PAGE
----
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There’s a lot of negativity hanging around the special purpose acquisition company space these days. Investors aren’t impressed by the deals they’re striking or, indeed, anything about them. Gary Gensler certainly isn’t, either. And there are lots of good reasons for the sourness and skepticism even aside from the fact that their prices are plummeting and they deliver roughly 1% of the promised proceeds to their betrothed, from the last refuge of scoundrels nature of them to the late-night celebrity commercial style of some to the fact that they seem designed to enrich only the people who set them up and their lawyers and not the ones who invest in them or who decide to merge their companies with them to the apparently rampant fraud they not only seem to suffer from but to encourage by their very nature.

All of which may well be true, as far as Boaz Weinstein is concerned. The thing is, though, those criticisms miss the point, because SPACs are not in fact the blank-check equities they appear to be. They are, so sayeth the Saba Capital Management chief, mere bonds in disguise.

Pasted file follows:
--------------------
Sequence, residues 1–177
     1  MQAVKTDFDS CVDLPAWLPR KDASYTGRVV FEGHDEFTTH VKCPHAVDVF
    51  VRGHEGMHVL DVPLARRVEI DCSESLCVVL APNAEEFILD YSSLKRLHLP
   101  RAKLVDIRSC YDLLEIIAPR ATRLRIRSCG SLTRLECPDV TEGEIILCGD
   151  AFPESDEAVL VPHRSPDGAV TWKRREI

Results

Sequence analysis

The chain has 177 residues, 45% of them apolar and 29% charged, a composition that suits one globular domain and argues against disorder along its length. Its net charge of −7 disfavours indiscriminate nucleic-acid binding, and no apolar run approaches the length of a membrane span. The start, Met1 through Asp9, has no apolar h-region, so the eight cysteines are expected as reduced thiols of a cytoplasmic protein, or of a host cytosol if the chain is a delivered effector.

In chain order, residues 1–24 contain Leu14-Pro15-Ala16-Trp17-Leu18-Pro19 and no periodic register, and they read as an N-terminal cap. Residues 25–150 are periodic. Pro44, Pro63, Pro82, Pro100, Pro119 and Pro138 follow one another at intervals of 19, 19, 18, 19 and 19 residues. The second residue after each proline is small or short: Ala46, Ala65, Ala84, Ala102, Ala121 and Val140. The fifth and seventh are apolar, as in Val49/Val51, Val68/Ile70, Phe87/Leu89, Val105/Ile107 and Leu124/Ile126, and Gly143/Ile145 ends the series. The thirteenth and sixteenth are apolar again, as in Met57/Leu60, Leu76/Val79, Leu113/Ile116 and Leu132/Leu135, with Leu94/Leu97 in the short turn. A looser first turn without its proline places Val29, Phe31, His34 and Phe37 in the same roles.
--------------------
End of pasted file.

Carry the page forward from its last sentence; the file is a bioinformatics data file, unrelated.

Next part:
The money that SPACs raise is held in a trust and invested in Treasuries, funds that can ultimately get unlocked when the vehicle decides to buy a company. For example instead of backing the purchase, investors can often choose to get their money back at the initial offering price plus accumulated interest.

On top of that, SPACs are sold with warrants that can offer interesting returns, either if they are sold immediately or if the company gains value.

“SPACs are misunderstood because they’re fixed-income products,” Weinstein said.

Fixed-income products you have to run screaming from occasionally, but bonds all the same.

Saba’s Weinstein Recommends SPACs, CDS as Fed Tightens [Bloomberg]

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